Ocean BioGeosciences (OBG)

Fastest underwater flow on Earth created by the most explosive volcanic eruption ever recorded

The Hunga volcano eruption the day before the main explosions. Image: Taaniela Kula, Tonga Geological Services
  • New research led by NOC has shown how the massive Hunga volcano eruption in 2022 triggered the fastest underwater flows ever recorded.

Scientist Spotlight – Studying Volcanic Eruptions with Dr Izzy Yeo

Dr Izzy Yeo in Tongariro National Park in Aotearoa, New Zealand.

Volcanic eruptions are one of the major natural hazards on our planet. Not only do they pose risks to people and property in surrounding communities, but they can damage critical infrastructure including the subsea telecommunications cables that support 99% of our digital communications globally.

Scientist Spotlight – Dr Alice Horton

Dr Alice Horton

The visible effects of plastic entering the ocean are unfortunately all too clear to us. But what happens to it under the surface? And what is the impact on delicate ocean ecosystems?

Faunal boundary line discovered across the deep Pacific Ocean

Image from the SMARTEX (Seabed Mining And Resilience To EXperimental impact) project
  • A study led by the National Oceanography Centre (NOC) has revealed a biogeographical boundary at the bottom of the Pacific Ocean.
  • High biodiversity is maintained in deeper areas of the abyssal north Pacific seabed by phylum-level species shifts across this region.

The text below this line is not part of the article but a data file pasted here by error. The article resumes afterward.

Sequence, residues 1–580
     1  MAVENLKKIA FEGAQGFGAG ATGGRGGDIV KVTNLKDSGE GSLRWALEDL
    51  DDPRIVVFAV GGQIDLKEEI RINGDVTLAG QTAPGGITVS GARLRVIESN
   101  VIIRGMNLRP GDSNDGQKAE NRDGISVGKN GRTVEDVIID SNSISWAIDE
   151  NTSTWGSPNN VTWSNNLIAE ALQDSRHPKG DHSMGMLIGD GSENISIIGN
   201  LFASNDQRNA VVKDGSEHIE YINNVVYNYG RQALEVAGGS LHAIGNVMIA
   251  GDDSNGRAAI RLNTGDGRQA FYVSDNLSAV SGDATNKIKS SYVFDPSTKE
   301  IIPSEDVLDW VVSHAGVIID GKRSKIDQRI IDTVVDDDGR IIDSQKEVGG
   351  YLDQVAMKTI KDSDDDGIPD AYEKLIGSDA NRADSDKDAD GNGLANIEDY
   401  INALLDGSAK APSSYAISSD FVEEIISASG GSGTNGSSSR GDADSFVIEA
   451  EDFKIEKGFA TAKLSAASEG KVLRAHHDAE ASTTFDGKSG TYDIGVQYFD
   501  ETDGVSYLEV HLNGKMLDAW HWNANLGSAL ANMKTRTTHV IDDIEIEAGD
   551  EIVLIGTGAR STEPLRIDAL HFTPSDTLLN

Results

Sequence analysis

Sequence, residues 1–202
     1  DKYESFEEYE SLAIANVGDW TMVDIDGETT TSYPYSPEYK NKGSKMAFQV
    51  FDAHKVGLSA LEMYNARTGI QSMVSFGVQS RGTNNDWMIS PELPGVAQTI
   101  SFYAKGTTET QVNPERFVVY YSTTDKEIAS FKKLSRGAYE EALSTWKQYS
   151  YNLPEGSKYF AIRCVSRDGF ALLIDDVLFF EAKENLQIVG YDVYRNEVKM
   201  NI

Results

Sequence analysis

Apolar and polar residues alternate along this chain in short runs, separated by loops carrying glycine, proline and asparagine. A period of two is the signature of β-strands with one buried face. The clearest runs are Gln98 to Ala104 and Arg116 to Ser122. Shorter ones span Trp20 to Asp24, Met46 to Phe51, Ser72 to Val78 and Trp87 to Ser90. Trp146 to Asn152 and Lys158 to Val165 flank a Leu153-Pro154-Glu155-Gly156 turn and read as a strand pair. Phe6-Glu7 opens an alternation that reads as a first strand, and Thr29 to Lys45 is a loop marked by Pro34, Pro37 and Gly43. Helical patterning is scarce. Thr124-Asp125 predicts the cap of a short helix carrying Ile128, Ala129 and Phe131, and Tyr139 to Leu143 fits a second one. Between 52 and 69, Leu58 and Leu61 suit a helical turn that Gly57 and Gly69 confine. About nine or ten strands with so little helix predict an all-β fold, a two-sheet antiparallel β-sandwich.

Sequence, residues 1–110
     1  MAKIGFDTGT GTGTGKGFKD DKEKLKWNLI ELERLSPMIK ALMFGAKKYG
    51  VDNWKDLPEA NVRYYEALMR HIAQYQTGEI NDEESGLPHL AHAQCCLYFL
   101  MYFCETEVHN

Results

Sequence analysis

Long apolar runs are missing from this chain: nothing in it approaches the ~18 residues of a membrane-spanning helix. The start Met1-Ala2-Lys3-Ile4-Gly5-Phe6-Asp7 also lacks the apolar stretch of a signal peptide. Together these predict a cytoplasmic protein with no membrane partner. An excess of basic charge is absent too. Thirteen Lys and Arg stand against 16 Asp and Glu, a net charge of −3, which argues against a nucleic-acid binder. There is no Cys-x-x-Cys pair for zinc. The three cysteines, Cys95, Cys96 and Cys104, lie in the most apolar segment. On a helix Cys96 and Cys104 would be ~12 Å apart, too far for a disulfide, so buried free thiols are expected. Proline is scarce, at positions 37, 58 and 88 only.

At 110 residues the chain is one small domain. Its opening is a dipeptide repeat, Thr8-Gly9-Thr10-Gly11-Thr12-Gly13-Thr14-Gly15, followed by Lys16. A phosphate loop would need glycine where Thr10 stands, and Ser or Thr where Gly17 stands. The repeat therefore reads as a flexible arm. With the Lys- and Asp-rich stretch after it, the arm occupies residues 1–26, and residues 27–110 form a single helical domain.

New study shows effect of climate change on ocean colour

Image: NASA and Joshua Stevens, using Landsat data from the U.S. Geological Survey and MODIS data from LANCE/EOSDIS Rapid Response.

NOC x Lucy Hawking announce new children’s book this World Ocean Day

  • This World Ocean Day bestselling author Lucy Hawking announces collaboration with National Oceanography Centre (NOC).
  • The book brings to life the science research from world leading NOC scientists Dr Chelsey Baker, Dr Sara Fowell, Prof. Steph Henson, Dr Alice Marzocchi and Dr Katsia Pabortsava.

Best practices for understanding and protecting life on the ocean’s vast seafloor

Large purple sea cucumber on the deep-sea floor (Psychropotes longicauda Théel, 1882; Porcupine Abyssal Plain Sustained Observatory).
  • A new study co-authored by the National Oceanography Centre (NOC) has standardised collection of vital seafloor data.
  • Reliable and robust seafloor data is essential to inform policy makers and protect the ocean.

New EU project launched to evaluate mechanisms for using the ocean to remove atmospheric CO2

  • Four-year project will investigate whether storing CO2 in the ocean is environmentally safe, socially acceptable and economically viable
  • Oceans offer huge potential to act as enhanced sinks for atmospheric CO2 and support global climate targets

Ocean microplastics found to be rife by teams sailing around the world

Katsiaryna Pabortsava from NOC & Victoria Fulfer from University of Rhode Island analysing microplastic samples. Photo: Cherie Bridges – The Ocean Race
  • Up to nearly 1,900 microplastics per cubic metre (particles m−3)* of water have been found in samples collected by teams during the initial legs of The Ocean Race
  • Samples were analysed at the National Oceanography Centre (NOC) under the supervision of Dr Katsiaryna Pabortsava

Scientists observe real-time impacts of industrial activity on deep-sea sponges

  • Offshore oil well drilling impacting deep-sea habitats are photographed in real-time.
  • Impacted sponges have been photographed potentially partially recovering from sedimentation over 40 days.
  • Partnering with industry allows us to make real-time observations to better understand impacts.